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NC Injury Liens: SEHP update

Here is an update on the NC Teachers and State Employees Health lien:

I met with the folks at the SEHP along with the top brass from the NC Academy of Trial Lawyers two weeks ago.  Our meeting was designed to discuss some of the wrinkles in interpretation of the "new" lien.


The SEHP agrees that the lien cutting formula is essentially the same as the medical providers lien formula.  You take the settlement, subtract out "reasonable" attorney fees and costs.  Of the net, the SEHP will never take more than 50% of that to fully satisfy their lien.


The SEHP is working with the assumption that reasonable attorney fees AND costs are 33.3%.  That means that if you want them to subtrect a 40% fee plus a lot of costs in the above formula, they won't do that without you making a special request and justifying why that should be done.  Remember, the statute leaves the definition of "reasonable" entirely in the hands of SEHP.


The SEHP takes thew position that the statute says, quite clearly, that their lien takes priority over medical provider liens under NCGS 44-49 and 50.  Thus, if you have a SEHP lien that exceeds 50% of the NET proceeds and you have medical provider liens, the SEHP will be paid their lien (and it will be satsified) but the medical providers will get nothing based upon their formula.  Of course, the medical providers can still attempt to collect from the client, because the medical provider lien is a distribution lien, not a "satisfaction" lien.

I told the SEHP folks that medical providers may disagree. 


SEHP is "working with" the AG's office to figure out some sort of sharing arrangement when there are Medicaid and SEHP liens.  We were told to "be on the lookout" for some sort of update about that agreement.  The same is true for Medicare.  I don't have any suggestions at the moment for how one would divide up money between the liens, other than to say that Federal Law trumps state law, so I think that Medicaid and Medicare will get there money.


SEHP agrees that their lien does not apply to UM/UIM coverage because those payments would not be from a "liable third party" as the lien statute requires.  That's good news.


SEHP agrees that the SEHP lien does not apply to workers compensation settlements.  More good news.

That's the sum and substance of our meeting.  The folks at SEHP were very nice, and understood our concersn and seemed genuinely concerned with the welfare and well being of their policy holders (our clients).  SEHP is balancing the Plan's interests in keeping the plan funded with the plan member's interests in being made whole after an accident.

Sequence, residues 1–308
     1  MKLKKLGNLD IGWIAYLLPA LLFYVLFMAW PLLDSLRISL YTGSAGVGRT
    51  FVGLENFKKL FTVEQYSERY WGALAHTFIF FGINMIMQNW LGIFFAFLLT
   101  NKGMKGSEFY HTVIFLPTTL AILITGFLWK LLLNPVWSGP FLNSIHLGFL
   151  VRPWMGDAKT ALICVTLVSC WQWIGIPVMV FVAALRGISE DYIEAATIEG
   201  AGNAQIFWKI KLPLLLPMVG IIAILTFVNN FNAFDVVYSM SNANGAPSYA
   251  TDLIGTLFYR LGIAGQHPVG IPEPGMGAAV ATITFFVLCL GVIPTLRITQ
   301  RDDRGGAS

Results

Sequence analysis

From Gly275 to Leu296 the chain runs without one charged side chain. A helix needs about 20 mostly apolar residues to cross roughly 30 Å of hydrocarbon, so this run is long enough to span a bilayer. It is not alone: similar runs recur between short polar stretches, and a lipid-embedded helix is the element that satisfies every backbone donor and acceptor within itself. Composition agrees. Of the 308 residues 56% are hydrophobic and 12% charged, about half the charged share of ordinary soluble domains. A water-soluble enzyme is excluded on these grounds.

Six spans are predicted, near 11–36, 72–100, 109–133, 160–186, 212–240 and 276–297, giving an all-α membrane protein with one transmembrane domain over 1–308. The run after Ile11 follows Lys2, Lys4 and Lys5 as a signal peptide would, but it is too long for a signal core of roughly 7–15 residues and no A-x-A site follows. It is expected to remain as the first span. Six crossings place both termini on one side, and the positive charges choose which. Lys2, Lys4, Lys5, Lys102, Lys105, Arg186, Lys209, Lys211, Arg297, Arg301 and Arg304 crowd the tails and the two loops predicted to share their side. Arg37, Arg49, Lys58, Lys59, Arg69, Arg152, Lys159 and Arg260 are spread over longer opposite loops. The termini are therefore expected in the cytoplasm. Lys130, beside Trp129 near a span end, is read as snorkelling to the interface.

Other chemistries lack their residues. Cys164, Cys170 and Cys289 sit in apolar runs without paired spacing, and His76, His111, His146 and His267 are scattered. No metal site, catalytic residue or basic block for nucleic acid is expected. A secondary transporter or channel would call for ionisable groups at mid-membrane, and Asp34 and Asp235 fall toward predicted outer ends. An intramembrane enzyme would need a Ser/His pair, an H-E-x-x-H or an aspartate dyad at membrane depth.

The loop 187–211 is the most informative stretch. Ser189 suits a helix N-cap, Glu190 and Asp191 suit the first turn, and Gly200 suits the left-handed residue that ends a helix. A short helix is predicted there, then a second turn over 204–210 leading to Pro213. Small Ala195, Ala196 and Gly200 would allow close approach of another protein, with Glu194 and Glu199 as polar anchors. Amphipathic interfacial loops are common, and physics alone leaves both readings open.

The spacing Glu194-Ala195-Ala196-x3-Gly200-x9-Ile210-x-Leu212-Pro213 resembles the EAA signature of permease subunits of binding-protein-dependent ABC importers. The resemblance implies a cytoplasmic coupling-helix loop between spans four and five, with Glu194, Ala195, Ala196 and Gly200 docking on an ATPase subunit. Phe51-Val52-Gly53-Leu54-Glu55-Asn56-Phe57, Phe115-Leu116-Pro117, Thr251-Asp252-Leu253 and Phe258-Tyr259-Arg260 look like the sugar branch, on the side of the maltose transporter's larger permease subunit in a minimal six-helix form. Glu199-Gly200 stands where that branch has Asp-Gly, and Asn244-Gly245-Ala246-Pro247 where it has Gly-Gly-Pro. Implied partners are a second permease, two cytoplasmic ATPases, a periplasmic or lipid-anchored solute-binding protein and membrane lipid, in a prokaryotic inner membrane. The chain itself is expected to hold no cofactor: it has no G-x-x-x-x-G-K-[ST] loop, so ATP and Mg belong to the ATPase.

Stay tuned for updates on Medicare and Medicaid.

Chris Nichols:  Nichols Law Firm 1.800.906.5984

Ahlborn Amicus Brief from ATLA

I've been looking for a copy of the Amicus brief filed by the Center for Constitutional Litigation and ATLA in the Ahlborn case.  Finally, one of my friends sent me a copy.

Click here to view the Ahlborn Amicus Brief.

To see all of the other information about the Ahlborn case, follow this link to the post.

Chris Nichols

Nichols Law Firm 1.800.906.5984

Free Mapping Technology for Smart Phones from Google

For any of you that have a Treo Smart phone (I have a Treo 650), Google now has a really great program you can download for Goggle maps.  I have always accessed the Google Maps or MapQuest by going to the internet function on the phone, but that was slow and you could not really pull up the visual map.

The new software has it's own icon on the Home page, and you can use it without the stylus.  You get the visual map, and can even look at the Satellite view if you want.  In many ways it reminds me of the interface for Google Earth, the sytem being used by TV stations and downloadable here:

The new features are free and download in a few seconds from your phone. To download Google Maps for the smart phone, simply go to on your Treo web browser.

To read more about the features go to Treo Central.

Chris Nichols 1.800.906.5984

Judicial Election Results in NC

Well, the results of the election are in and the numbers look good.  NC selected moderate, experienced Judges for the Supreme Court and Court of Appeals.

The Raleigh News & Observer reports (as of this posting):

Supreme Court (Chief Justice)
    Sarah Parker 1126541
    Rusty Duke 564619
2761 of 2767 precincts reporting

Court of Appeals (Stephens)
    Donna Stroud 767034
    Linda Stephens * 763043
2761 of 2767 precincts reporting

Supreme Court (Assoc. Justice Martin)
    Mark Martin * 992306
    Rachel Hunter 595026

2761 of 2767 precincts reporting

Supreme Court (Assoc. Justice Timmons-Goodson)
    Patricia Timmons-Goodson * 943645
    Eric Levinson 676569
2761 of 2767 precincts reporting

Supreme Court (Assoc. Justice Wainwright)
    Robin Hudson 798619
    Ann Marie Calabria 778657